Monday, February 4, 2013

Israel Kirzner Award Ceremony

NYU Professor Emeritus Israel M. Kirzner will be honored on February 7, 2013 with a Lifetime Achievement Award from the Fund for the Study of Spontaneous Order for his pioneering work on the theory of the entrepreneurial market process.

Prior to the Award Ceremony, the F. A. Hayek Program for Advanced Study in Philosophy, Politics and Economics at the Mercatus Center will host a panel discussion of Kirzner's work on entrepreneurship and its relationship to economic science, organizations and management, and law and public policy.

Featured speakers will include Henry Manne, former Dean of George Mason University School of Law; Peter Klein, professor of economics at University of Missouri and author of Organizing Entrepreneurial Judgment; and Peter Boettke, University Professor of Economics and Philosophy at George Mason University, and co-editor of The Collected Works of Israel M. Kirzner.

The event is co-sponsored by the Mercatus Center, Fund for the Study of Spontaneous Order, Atlas Economic Research Foundation, and Liberty Fund. A reception will follow the panel discussion.

Although not all Austrians agree, I believe Kirzner's view of the role of alertness as being at the core of entrepreneurship is an important advance. If one accepts Kirzner's view, then it is difficult to hold the idea that poor are at a disadvantage to the wealthy, when it comes to entrepreneurial profit. A poor person can be as alert to opportunity as a wealthy person.


  1. Not to pick at an old scab, but...
    Didn't we get into kind of a tussle a while back regarding Dr. Kirzner's definition of an entrepreneur as opposed to Dr. Klein's? (and others).
    Now, I'm no economist (but I AM an entrepreneur).
    It seems to me that the terms "capitalist" and "entrepreneur" are sometimes used rather loosely and "overlap" in the Austrian literature.
    To me it seems critical to precisely define the terms.

    1. I see them as "roles" rather than definitions of an individual. A person can be at times an entrepreneur, a capitalist, or both at the same time.

    2. When a person is acting as an entrepreneur, he is seeing (or creating) an opportunity to earn a profit. He is the spark of the enterprise.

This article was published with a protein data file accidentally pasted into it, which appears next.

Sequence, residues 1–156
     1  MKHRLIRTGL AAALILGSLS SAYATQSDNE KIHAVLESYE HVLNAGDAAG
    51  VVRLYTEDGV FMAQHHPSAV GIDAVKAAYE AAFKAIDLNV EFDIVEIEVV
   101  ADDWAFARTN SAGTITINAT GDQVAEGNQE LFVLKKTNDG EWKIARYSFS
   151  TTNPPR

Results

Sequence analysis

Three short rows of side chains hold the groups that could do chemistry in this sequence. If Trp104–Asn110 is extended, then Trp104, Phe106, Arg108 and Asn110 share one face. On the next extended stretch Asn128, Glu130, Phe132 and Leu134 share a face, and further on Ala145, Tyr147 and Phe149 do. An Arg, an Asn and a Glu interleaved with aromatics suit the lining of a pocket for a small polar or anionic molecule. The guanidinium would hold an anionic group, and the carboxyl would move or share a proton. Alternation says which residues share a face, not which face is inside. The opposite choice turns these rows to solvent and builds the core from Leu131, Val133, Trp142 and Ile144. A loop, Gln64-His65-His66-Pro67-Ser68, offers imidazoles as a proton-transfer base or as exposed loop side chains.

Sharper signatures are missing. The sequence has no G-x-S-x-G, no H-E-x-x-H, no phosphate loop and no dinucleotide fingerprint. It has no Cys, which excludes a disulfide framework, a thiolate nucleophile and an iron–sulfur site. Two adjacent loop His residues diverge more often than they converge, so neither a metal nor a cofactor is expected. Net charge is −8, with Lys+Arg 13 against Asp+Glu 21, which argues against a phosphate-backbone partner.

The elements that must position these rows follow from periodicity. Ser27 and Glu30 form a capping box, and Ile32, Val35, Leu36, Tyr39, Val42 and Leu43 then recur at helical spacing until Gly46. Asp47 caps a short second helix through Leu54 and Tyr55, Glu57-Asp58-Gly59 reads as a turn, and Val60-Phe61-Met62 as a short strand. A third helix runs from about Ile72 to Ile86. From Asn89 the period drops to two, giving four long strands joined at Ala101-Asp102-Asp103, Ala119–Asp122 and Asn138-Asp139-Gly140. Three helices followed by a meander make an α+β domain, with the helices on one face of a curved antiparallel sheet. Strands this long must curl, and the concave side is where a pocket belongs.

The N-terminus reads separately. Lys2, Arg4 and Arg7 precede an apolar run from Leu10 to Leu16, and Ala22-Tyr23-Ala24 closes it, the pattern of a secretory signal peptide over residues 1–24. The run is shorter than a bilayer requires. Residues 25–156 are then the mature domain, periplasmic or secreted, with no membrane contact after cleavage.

3. A capitalist provides the means to realize the enterprise. He is the fuel.

    Now, the same person can act in BOTH roles, but the roles themselves are distinct.


  2. I don't really know much of anything about Kirzner versus Klein, but I'll grant that a poor person can be as alert to opportunity as a wealthy person. Yet they are poor and probably unknown and the other guy is wealthy and probably known. Surely there is a disadvantage there in acting with your property and relationships to reap the profits?

    1. Hi,
      Yeah, it's NICE if you've already got the bucks, but that is actually quite rare. The typical story (and it's a happy happy one) is some kid gets a great idea, pitches it to some old guy with $$$ and the rest is magic.
      That's actually COMMON. That's why our modern life is so great. Apple, Facebook, Google, etc etc....

      In the GOOD America, the poor kid CAN and very often DOES rise from rags to riches. If that WEREN'T true, we wouldn't have an illegal immigration "problem"!

      My beef with the Austrian literature is less lofty and kinda technical and maybe even petty. I just like clear definitions of roles. That's the computer geek coming out. In the "tussle", I referred to, the "Kleinians"?? talked right past my points and breezed on into other topics. Sometime when I've got LOTS of time on my hands, I'd like to review the literature and bring up SPECIFIC instances to discuss.